In March, we are developing concept cartoons. They are perfect to get people discussing, since they give several common answers to a question and people have to explain why some of them are valid while others are not.
In Sara’s case, the question is “why are water striders able to walk on water?” and answers include “because they are so light”, “because they distribute their weight”, “because of their long legs”, “because of surface tension”, “because they re so fast”. What do you think? Why can water striders walk on water? And how would you use concept cartoons for your own topic?
For this month’s #scicommchall, let’s do concept cartoons!
The idea is that in a concept cartoon, the sketch of a situation is given, along with a couple of people who each give a statement explaining the situation. For example on the topic of whether a sundial can be used in both hemispheres, the characters state things like “yes, you just have to position it the other way round”, “yes, if you swap the numbers”, “no, because the sun moves in the opposite direction”, “it will work, but with a 12 hour offset”.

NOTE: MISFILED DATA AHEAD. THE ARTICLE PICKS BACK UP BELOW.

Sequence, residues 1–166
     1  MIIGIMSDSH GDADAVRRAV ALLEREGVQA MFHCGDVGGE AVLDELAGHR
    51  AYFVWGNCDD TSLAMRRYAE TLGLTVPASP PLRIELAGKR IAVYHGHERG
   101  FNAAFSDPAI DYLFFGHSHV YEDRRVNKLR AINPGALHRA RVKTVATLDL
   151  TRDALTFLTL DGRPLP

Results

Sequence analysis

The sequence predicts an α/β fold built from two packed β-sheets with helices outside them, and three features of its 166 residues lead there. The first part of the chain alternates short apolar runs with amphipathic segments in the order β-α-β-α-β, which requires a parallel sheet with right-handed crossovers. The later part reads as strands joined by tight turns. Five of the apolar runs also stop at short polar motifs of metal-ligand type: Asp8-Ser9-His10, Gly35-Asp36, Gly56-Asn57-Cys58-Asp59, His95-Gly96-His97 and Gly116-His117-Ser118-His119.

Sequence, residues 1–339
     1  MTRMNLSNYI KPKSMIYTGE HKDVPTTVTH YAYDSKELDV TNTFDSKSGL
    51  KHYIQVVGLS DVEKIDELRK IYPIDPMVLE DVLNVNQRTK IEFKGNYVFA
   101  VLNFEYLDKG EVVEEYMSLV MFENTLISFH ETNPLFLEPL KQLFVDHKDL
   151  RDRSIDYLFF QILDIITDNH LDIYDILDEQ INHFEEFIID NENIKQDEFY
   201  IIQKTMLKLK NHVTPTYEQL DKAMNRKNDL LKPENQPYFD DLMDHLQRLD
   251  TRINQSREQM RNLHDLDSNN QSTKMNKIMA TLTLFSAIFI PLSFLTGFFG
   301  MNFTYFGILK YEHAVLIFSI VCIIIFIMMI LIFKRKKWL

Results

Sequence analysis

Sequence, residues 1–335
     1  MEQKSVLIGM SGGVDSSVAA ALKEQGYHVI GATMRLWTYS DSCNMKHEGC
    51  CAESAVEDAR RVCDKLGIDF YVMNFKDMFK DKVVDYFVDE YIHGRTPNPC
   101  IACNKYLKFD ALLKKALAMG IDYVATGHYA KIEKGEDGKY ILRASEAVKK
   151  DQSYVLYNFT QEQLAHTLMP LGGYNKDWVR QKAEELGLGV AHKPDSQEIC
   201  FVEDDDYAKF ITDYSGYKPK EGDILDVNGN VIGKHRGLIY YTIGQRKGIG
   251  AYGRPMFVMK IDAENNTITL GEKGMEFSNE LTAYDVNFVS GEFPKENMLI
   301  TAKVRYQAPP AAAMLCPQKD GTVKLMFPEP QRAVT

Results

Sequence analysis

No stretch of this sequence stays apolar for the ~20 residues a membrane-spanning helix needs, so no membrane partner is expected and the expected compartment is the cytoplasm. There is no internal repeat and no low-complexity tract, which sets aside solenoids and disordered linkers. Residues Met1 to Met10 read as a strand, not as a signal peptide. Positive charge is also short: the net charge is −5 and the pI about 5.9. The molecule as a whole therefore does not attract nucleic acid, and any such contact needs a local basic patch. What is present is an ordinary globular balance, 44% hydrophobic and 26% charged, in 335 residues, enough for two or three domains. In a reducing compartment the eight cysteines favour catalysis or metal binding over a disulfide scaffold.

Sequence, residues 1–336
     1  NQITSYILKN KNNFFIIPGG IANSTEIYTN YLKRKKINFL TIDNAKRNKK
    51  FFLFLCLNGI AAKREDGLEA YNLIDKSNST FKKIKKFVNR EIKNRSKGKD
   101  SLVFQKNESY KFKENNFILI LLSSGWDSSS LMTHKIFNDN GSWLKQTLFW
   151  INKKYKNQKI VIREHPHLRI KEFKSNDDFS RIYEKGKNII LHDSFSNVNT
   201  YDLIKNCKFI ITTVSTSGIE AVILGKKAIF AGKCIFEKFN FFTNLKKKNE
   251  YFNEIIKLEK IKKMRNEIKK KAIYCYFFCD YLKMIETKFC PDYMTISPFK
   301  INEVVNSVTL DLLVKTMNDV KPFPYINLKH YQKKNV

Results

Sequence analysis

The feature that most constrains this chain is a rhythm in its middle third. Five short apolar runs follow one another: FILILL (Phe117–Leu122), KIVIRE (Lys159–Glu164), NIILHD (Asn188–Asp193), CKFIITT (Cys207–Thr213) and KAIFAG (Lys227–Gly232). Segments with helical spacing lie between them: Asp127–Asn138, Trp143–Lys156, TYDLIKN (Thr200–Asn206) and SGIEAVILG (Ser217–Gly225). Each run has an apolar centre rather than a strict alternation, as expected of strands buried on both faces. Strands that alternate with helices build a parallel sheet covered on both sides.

This can then be used to support discussions: Since many possible misconceptions are made explicit on the sketch itself, it is easy for people to identify with one of the answers and explain why they think that it is the correct one. It is also useful to use answers to argue against or to use them as a starting point for experiments or literature research, or to talk about your topic with an audience you suspect might harbour some of those misconceptions.
So let’s go: Show us an interesting question related to your science in a concept cartoon!